Early parenthood is a challenging time for most parents. They are bombarded with advice and suggestions about how to cope and get through that first year. The advice comes from everywhere: family members, friends, neighbors, healthcare providers, books, websites and random people at the grocery store to name just a few. Much of the advice is conflicting. Some suggest putting baby on a feeding and sleeping schedule from an early age. Others say to follow baby’s cues for everything. One of the most important skills a new parent can learn is how to distinguish between necessary medical advice and parenting opinions (both are everywhere), and to choose what will work for you and leave the rest.
I am about to give you yet more advice for early parenthood, but I give it with a couple of disclaimers: My attempt will be to give new parents information they need about scheduling in terms of breastfeeding, and I am a breastfeeding advocate. I don’t claim to know you, your baby or your situation, so please have a look at my thoughts, and then take what works for you and leave the rest.
When new parents are considering putting their baby on a feeding or sleeping schedule, there are normally a couple of goals they are hoping to accomplish. They want to be sure they are meeting their baby’s needs for food and sleep. They want to be raising a happy, healthy, confident child and member of their family who knows what to expect and where he or she fits in. In fact these are the same things that every parent I have ever worked with hopes for, no matter what their parenting style.
Parents differ in exactly what it is they think will accomplish these goals. Some parents hope that putting their baby on a schedule will give them and their baby a consistent set of expectations and a sense of predictability during one of the most physically intense times of parenting. Others hope that by following their baby’s cues for food and sleep, their baby will learn that this world is a place where he can trust and love because his needs are consistently heard and met.
I truly believe that whatever style appeals to parents, everyone is approaching their own baby and situation from a place of love and striving to be the best parent they can be. There is no one approach that will fit every family, and the ways that parents raise their children are as unique and wonderful as each parent and baby.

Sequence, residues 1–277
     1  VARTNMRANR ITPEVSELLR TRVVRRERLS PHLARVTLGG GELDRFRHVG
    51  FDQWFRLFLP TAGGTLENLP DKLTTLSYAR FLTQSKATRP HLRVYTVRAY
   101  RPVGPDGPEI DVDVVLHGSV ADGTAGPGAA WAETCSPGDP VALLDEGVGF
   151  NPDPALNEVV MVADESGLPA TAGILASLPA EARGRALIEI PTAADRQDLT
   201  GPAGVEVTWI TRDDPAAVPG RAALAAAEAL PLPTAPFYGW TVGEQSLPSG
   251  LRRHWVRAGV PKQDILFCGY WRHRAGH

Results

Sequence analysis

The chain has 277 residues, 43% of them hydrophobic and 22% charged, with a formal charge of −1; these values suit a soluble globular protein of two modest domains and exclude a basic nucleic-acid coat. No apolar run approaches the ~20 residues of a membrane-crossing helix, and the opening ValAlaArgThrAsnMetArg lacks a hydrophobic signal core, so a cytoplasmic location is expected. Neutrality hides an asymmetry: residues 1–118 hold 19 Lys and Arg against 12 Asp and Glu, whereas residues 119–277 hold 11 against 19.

If we look at breastfeeding anthropologically, we find many and varied approaches to infant feeding throughout the world. Putting babies on feeding and sleep schedules is a predominantly modern and mainly Western approach to infant care. Biologically speaking, normal healthy babies do not need any sort of set feeding or sleeping schedule to thrive. (Babies with special needs may need more structure to their feedings to make sure they get enough.) Babies in many cultures in the developing world spend most of their day close to their mothers in some kind of sling. Many of these babies breastfeed as frequently as three times every hour for five minutes at a time. They sleep next to their mothers and wake and breastfeed many times throughout the night.
But just because babies don’t have a biological need for scheduling doesn’t mean that it isn’t a good idea. For many parents, predictability in their lives with a new baby gives them confidence. My belief is that babies don’t need schedules, but that if parents want or need the predictability of a schedule, most babies can conform relatively easily to a schedule or routine if it is one that is developmentally appropriate. Some parents find schedules in books that they are hoping to follow, and as long as the advice has parents breastfeeding frequently enough to maintain the mother’s supply, these can work for many breastfeeding families.